The Directory of 1795 was the chief governing body of France between 1795 and 1799. It was the entity that took over the French government in the wake of the Reign of Terror and was the final phase of the French Revolution proper. Its inherent weakness and corruption eventually led to its collapse, and to the ultimate establishment of the Consulate under Napoleon.Know More
After the Reign of Terror and the demise of the Committee of Public Safety, the French revolutionary government adopted a new constitution, France's third. As per this new constitution, the Directory was established with two houses: the Council of Ancients, made of 250 people, and a second council of 500 people. At the head of this bicameral legislature was a panel of five directors, of whom the most important historically was Paul Barras.
Because the Directory was an attempt to avoid the kind of tyrannical powers held by the Committee of Public Safety, its executive powers were necessarily weak. It also fell prey to rampant and obvious corruption. As stated in Encyclopedia Britannica, the Directory thus became a “fatal experiment,” one which demanded a more coherent and effective type of leadership for the country.
Unsurprisingly, critics of the Directory began to take action. By 1799, a small coup overthrew the Directory and established the Consulate, a body of three supposedly equal peers who would guide France with little to no assistance from the legislature. The de facto leader of the Consulate, however, was the former general Napoleon Bonaparte, who quickly consolidated power more formally for himself. In 1804 he was crowned Emperor of the French in the Cathedral of Notre Dame. The French Revolution was over, and the First Empire begun.Learn more about US History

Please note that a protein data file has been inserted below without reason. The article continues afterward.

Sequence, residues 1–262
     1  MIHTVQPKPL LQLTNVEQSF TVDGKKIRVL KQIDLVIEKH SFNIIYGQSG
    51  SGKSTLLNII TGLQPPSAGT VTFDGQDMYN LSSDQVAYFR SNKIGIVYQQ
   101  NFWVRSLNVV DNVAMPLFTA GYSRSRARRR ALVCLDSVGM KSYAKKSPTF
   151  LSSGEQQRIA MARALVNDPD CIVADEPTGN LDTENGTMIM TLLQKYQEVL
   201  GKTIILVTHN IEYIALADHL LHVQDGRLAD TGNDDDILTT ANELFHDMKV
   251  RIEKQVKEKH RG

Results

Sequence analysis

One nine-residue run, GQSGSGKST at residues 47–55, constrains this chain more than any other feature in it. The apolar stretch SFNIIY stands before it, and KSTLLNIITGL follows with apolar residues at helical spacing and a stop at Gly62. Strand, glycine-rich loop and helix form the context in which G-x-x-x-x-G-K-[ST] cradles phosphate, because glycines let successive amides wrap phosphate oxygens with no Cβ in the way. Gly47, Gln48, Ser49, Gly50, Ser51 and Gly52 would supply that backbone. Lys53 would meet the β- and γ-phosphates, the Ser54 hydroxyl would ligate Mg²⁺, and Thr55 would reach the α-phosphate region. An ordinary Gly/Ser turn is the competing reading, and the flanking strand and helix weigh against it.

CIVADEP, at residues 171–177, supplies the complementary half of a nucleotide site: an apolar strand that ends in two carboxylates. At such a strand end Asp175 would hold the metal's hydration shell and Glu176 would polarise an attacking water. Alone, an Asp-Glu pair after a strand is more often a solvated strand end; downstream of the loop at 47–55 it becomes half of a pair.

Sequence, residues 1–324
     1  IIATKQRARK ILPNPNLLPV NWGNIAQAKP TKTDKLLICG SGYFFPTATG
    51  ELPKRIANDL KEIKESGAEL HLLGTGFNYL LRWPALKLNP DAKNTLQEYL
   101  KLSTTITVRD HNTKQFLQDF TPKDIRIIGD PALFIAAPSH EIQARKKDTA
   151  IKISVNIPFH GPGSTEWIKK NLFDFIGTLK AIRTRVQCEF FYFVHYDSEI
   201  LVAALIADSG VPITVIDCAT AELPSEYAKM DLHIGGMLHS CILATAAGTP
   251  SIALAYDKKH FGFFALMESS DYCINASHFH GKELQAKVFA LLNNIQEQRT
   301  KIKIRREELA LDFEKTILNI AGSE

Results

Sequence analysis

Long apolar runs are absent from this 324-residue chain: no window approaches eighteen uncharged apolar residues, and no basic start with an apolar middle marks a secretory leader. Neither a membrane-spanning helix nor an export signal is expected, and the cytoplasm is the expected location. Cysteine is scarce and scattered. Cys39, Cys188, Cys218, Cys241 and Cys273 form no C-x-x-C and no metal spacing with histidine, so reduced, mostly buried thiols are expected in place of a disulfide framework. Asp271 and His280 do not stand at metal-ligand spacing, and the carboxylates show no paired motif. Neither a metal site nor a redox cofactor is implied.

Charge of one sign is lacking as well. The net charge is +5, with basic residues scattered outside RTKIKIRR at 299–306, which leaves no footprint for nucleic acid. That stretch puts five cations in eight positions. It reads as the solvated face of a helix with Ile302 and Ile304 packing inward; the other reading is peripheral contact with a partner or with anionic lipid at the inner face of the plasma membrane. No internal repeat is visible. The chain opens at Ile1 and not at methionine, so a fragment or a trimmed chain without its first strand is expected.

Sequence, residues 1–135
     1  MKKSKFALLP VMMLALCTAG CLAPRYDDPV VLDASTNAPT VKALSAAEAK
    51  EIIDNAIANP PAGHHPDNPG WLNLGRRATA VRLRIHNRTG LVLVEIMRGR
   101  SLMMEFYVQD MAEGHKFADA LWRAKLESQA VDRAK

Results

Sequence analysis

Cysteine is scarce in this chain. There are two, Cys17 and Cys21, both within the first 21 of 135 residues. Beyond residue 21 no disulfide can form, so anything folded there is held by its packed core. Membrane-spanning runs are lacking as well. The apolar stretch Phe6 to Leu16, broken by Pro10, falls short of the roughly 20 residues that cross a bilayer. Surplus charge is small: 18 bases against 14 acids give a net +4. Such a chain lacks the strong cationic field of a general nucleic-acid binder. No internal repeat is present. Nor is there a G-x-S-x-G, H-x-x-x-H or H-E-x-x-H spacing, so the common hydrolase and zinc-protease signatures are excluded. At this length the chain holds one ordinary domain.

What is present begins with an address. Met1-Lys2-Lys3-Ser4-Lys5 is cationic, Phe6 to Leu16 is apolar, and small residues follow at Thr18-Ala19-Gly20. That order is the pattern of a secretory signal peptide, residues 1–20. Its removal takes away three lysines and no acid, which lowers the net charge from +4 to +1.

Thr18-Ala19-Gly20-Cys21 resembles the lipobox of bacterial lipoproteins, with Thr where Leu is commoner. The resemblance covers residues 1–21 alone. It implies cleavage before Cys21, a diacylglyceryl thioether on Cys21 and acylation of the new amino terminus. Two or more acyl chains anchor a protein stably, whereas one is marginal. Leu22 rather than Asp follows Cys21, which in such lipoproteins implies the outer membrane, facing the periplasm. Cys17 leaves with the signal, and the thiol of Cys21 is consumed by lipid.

The causes of westward expansion were the purchase of the Louisiana territory from France, the Lewis and Clark expedition, President Thomas Jefferson's vision of expanding into the available land to create an "empire of liberty" and a growing sense of American "manifest destiny." The effects included controversies over the slavery issue, which led to the Civil War, the persecution and extermination of Native Americans and the war with Mexico.Full Answer >
New England opposed the War of 1812 primarily as a reaction against the embargo and similar trade restrictions with England and France that Thomas Jefferson and his successor, James Madison, imposed upon American shipping. Because the economy of New England was so heavily dependent upon trade by sea, the measure impoverished the New England states, leading them to rebel against the federal government almost to the point of secession.Full Answer >
Acadians settled in Louisiana after being persecuted and forced to leave their homes during the French and Indian War between England and France. While some of the Acadians went back to France, many traveled south to then Spanish-controlled Louisiana.Full Answer >
The Treaty of Paris ended the French and Indian War that took place between Great Britain and France. It also culminated in Great Britain gaining control over the colonies in North America.Full Answer >